County voters say no to teacher raises, bond for school build question

After months of planning, presentations and controversy, the voters of Huntington County have weighed in on the Huntington County Community School Corporation’s two referendum questions, saying no to both of them.

From the time the first vote center’s ballots were posted, it didn’t look like the referendum would be successful. With subsequent vote centers reporting, the numbers never improved enough to approve either question.

The final vote was 4,702 (50.28 percent) “no” to 4,649 (49.72 percent) “yes” on Question 1, known as the “Operating Question,” which would have imposed a property tax rate of no more than six cents on each $100 of assessed property valuation.

It was 5,241 (56.74 percent) “no” to 3,996 (43.26 percent) “yes” votes on Question 2, known as the “Project Question,” which would have given HCCSC the go-ahead to issue bonds or enter into a lease to finance the 2020 Safety, Security, Replacement, and Restoration Project, which includes the renovation of and improvements to Huntington North High School, estimated to cost about $68,480,000 and would have increased the property tax rate by a maximum of $0.3381 per $100 of assessed valuation.

With arguably as many signs posted in yards as for political candidates, voters in the county were deeply divided over issues of taking on tax increases versus building a new high school and giving competitive salary increases to teachers.

There was little weigh-in from the public during the community forum presentations and public hearings held on the two proposals. Most of the public input was in the way of questions as to how much their taxes would increase and how the money raised would be spent.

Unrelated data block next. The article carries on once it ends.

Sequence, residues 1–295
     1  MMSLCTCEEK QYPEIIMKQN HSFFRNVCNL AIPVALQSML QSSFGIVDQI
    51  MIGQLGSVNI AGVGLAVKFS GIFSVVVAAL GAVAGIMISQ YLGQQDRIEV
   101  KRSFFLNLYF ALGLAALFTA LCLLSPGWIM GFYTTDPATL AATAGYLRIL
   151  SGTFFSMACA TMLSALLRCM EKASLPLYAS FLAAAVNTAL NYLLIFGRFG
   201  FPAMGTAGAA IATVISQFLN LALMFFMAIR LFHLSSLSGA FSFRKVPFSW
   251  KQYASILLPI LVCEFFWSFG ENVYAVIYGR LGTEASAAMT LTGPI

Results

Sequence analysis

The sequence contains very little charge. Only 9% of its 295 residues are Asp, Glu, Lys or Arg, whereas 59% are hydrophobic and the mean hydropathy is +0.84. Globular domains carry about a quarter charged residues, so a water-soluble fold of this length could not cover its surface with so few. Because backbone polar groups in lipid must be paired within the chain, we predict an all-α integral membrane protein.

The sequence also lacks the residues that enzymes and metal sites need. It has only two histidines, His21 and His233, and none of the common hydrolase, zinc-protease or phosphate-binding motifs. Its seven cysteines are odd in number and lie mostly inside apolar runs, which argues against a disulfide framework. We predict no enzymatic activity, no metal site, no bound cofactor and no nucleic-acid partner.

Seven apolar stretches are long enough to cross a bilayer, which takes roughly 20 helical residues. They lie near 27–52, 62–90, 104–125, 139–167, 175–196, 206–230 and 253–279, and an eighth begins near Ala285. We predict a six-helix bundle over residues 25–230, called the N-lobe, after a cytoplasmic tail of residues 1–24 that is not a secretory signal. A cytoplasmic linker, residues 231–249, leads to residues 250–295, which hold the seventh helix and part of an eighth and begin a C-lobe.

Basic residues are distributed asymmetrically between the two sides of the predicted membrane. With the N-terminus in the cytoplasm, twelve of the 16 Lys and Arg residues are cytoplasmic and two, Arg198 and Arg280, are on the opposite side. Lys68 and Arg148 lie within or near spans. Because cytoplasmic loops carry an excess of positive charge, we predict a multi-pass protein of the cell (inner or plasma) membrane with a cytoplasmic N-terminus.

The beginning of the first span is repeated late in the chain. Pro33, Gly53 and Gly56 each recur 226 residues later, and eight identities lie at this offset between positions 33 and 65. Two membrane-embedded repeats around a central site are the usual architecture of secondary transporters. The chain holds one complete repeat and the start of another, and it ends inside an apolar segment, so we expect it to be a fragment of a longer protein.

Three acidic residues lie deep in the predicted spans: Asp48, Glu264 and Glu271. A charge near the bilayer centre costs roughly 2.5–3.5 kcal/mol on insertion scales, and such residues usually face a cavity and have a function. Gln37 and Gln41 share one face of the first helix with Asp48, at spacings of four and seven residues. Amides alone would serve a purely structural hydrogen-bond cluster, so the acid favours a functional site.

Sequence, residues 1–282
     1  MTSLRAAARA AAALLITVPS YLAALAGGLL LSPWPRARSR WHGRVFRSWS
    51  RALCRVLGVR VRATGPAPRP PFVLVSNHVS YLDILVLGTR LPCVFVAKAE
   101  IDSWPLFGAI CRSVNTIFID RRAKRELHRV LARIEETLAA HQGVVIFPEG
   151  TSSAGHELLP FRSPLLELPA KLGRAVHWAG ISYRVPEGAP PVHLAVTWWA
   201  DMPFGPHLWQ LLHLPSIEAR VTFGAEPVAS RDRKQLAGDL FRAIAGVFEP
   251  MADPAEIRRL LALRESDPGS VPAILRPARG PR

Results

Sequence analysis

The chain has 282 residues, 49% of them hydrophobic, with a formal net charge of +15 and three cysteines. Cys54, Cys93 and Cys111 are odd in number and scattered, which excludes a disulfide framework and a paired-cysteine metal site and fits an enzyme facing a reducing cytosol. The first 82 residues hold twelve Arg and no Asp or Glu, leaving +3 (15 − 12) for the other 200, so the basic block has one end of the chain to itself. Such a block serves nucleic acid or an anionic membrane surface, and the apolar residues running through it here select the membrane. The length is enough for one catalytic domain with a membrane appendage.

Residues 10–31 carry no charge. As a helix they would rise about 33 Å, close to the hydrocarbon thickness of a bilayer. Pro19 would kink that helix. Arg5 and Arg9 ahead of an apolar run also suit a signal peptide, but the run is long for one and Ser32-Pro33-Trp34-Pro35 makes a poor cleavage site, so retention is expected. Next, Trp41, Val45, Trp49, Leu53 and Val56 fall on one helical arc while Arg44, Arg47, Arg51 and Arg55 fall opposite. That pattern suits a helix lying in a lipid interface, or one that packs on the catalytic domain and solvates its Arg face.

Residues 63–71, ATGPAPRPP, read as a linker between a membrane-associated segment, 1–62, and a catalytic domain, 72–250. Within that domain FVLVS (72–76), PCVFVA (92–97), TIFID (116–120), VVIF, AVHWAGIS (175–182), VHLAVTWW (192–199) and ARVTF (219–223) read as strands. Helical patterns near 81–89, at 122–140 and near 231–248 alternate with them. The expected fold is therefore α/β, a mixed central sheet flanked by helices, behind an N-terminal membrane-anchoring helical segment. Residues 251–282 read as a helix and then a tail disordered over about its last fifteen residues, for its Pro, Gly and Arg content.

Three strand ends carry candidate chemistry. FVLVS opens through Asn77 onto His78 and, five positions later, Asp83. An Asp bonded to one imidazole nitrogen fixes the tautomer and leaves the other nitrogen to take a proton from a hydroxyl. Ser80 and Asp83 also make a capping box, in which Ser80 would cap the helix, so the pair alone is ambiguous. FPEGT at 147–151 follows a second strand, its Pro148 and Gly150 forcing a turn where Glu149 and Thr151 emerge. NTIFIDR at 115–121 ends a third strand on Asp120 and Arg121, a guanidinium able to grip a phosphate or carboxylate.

Mathew Roth, the president of the school board, reacted to the news by extending his thanks to everyone who supported the referendum and thehard work they put into bringing the matter before the voters.

“Obviously, we’re disappointed in the results. I think the education that we provide took a step back today,” Roth said Tuesday. “It’s just disappointing that our community doesn’t support teachers and it’s disappointing that they weren’t able to support the needed renovations at Huntington North.”

Roth said the school board will regroup and involve the community in the options it has open to them now that the referendum questions have failed. He said a public forum would likely be held in the future.

“I think we will talk as a board, we will be open and transparent and we will develop a process for how we think we can best use the money that we do have to put toward Huntington North,” he added. “We approached this process with honesty, transparency and integrity, and it just looks like we have some more work to do.”

HCCSC has about $20 million left over from the new Roanoke Elementary School building and HNHS renovation project that it borrowed within its tax caps. However, Roth says that will not be enough to cover the cost of the high school building project, which is estimated to be less expensive than repairing and rehabbing the current building.

“We thought that was the best service to the taxpayer, was to borrow within our current budget, so we borrowed as much as much as we were able to, within our budget,” Roth says. “The problem is, that won’t address all the needs of the building, so we will need to have discussions in public and engage the public in what’s our best option going forward.”

The school board met in a special work session and held a public hearing on the HCCSC/Huntington County Teachers Association tentative agreement on Wednesday, Nov. 6. At press time there was no mention of whether the referendum would be an item of discussion.

The next HCCSC School Board regular meeting will be held Monday, Nov. 11, at 7 p.m. at Salamonie Elementary School, 1063E-900S, Warren. Those unable to attend may view a live-stream video of the meeting online by going to or by visiting the HCCSC website at and clicking on the “FEATURED VIDEO” link on the left side of the web page.